The end of the world is nigh! Since the last update, there has been a cuttings apocolypse, which is all a bit disappointing. I may, however, have zeroed in on the issue.  I think I am killing these rooted cuttings by overfeeding them. The advice I have been following has been to feed, once rooted, with a triple strength liquid tomato feed. I think that I can trace all my cuttings extinction events to this blast of nutrients, particularly as I am not overly careful about the dose, I may be giving them even higher than x3. I’m not sure what exactly it is about this that kills them.  I am hypothesising, so a trial is in order. Next year I will subject some rooted cuttings to different amounts of feed, see what transpires. I had half a mind to run that trial this year, but didn’t quite get around to it.

What’s left alive then?  Not much.

I have a few carnations, one lobelia, a very half-hearted peony and a few ivy-leaved pelargoniums.

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There are some very tenuous signs of life in one or two of the other pots, but the rest are gone.

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The verbena bonariensis, so recently looking hale and hearty, are now looking thoroughly pathetic. I fear they will not amount to anything. Sorry Alys…

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This is a slightly depressing end to the cuttings season, I would say upwards of 50 seemingly rooted cuttings have bitten the dust, some after potting on, some still in their original homes. Whilst that is annoying, if I take a step back, this actually represents progress. Last year I struggled to get cuttings to root in the first place.  One lives and learns.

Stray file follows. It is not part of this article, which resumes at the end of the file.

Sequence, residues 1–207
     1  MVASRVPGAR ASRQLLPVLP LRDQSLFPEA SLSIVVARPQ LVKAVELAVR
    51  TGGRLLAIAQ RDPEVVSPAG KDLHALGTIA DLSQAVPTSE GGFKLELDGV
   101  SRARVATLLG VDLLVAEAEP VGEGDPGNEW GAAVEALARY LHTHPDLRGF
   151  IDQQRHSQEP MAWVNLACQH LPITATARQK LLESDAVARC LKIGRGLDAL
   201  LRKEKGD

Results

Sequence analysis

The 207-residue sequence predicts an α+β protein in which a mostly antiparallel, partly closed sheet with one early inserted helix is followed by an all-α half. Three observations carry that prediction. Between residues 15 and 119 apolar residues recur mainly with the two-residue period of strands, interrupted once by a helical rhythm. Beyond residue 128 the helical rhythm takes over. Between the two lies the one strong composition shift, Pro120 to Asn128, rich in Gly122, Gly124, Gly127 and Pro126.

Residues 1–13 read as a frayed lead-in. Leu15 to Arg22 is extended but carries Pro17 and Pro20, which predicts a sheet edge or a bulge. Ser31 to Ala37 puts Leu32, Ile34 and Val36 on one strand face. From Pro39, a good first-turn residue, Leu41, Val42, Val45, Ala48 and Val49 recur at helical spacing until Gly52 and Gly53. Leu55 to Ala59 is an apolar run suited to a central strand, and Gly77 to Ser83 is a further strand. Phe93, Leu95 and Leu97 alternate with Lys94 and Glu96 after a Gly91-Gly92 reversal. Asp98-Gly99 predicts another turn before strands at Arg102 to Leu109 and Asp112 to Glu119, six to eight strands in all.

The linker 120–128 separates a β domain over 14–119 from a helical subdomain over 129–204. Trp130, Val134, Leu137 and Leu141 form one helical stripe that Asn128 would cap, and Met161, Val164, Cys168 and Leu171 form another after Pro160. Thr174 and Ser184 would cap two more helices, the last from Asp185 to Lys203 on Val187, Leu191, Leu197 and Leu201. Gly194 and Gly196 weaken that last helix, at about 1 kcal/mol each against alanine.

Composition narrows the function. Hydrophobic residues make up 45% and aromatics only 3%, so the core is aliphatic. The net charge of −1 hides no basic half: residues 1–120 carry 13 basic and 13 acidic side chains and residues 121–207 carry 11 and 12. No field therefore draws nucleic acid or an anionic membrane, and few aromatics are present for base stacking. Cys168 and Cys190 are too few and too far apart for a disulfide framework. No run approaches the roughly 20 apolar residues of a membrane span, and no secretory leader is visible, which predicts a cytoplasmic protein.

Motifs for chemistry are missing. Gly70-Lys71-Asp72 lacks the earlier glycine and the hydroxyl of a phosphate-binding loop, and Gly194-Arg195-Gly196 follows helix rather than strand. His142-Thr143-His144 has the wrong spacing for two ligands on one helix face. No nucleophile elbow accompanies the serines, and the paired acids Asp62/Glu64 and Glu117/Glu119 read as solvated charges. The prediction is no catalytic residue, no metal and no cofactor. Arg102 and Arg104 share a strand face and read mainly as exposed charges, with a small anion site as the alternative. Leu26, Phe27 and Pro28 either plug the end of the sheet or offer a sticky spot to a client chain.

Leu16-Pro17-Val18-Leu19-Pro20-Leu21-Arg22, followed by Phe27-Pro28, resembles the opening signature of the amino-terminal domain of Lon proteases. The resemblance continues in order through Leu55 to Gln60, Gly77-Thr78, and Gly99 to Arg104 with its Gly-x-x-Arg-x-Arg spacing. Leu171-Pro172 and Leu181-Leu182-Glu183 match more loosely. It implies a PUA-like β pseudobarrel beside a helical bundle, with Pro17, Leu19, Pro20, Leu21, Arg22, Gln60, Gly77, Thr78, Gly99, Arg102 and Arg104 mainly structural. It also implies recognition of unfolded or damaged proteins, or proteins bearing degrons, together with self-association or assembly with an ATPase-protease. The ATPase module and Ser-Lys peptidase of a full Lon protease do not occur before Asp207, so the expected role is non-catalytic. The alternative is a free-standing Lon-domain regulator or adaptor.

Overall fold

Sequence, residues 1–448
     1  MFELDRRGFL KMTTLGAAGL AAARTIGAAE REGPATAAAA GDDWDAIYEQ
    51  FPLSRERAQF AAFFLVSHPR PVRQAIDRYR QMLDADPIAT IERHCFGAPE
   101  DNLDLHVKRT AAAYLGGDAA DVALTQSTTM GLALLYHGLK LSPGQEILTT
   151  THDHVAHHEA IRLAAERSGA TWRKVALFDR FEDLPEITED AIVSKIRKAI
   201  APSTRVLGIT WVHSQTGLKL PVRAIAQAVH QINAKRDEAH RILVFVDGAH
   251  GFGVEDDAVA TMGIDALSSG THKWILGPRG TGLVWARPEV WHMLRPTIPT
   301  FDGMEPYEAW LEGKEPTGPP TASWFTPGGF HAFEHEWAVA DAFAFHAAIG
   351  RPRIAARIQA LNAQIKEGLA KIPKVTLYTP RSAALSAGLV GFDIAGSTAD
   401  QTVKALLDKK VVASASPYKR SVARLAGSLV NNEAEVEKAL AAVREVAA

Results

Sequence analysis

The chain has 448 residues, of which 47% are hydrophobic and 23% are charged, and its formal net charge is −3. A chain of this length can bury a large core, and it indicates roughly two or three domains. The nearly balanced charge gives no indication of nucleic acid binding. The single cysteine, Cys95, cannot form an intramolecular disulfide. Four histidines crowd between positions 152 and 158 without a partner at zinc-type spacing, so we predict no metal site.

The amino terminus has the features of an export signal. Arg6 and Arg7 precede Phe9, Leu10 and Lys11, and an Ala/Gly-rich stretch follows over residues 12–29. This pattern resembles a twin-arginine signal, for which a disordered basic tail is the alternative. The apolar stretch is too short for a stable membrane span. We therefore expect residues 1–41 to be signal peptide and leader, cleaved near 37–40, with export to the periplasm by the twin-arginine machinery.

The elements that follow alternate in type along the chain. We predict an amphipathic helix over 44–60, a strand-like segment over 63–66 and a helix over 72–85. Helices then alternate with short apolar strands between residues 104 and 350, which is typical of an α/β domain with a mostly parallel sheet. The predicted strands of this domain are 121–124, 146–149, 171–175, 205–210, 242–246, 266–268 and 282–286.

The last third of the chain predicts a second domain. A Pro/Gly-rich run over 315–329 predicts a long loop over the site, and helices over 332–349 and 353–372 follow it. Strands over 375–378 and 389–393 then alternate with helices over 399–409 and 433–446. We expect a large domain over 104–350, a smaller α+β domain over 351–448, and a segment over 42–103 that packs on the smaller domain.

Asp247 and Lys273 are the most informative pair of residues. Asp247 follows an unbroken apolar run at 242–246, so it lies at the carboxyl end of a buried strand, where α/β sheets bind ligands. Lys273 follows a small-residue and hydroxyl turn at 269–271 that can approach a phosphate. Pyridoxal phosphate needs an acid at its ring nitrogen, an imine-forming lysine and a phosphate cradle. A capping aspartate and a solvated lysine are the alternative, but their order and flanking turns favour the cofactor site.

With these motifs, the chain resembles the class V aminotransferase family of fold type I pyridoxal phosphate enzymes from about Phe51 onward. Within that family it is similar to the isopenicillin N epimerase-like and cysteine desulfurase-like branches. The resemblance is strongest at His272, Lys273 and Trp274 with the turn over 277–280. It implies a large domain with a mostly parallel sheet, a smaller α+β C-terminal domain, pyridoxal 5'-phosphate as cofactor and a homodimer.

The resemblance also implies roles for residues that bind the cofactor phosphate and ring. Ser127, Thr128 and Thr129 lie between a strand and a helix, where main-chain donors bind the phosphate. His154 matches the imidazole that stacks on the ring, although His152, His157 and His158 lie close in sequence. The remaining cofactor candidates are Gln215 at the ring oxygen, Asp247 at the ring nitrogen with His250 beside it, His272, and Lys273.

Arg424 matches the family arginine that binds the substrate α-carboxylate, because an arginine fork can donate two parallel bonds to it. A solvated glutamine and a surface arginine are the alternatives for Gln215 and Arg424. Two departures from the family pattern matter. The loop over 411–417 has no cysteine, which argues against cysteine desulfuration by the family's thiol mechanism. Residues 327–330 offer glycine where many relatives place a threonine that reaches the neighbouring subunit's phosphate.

Not to be discouraged (for too long) I have set up some new cuttings.  Following a chat on twitter with Ray Bishop about his expogrow process, I took some little stem tip cuttings of some fuchsia.  It’s probably late in the year to be doing this, but I hope that the heated bench will provide the necessary encouragement. Nothing ventured, nothing gained. I have run out of grit so have just used plain vermiculite as the cuttings compost, one cutting per module, with a clear plastic lid on (removed here for the photo). I will be misting these daily as they are super vulnerable to death by lack of moisture. The lid should help keep the atmosphere humid.

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is there a future for these fuchsia?

I also have some new pelargonium cuttings, taken over the last few days. I’ll publish a separate post about those soon.

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In more positive news, the eryngium root cuttings seem to be doing well, and I even see a couple of root tips emerging from the base of the pot. I shall leave these alone till early spring.  Even if they develop a forest of roots, they’ll be better off in their current accommodation than if I try to separate them and pot them on at this time of year.  I might move the pot from the greenhouse staging to the cold-frame, they don’t need mollycoddling.

Well, that’s the state of the cuttings nation. Not all bad, but mostly so. Cuttings are a tricky business, very few achieve 100% success. It helps to remember that it is all a learning experience. There is always next year!

I’ll be back in a month or so with the next update.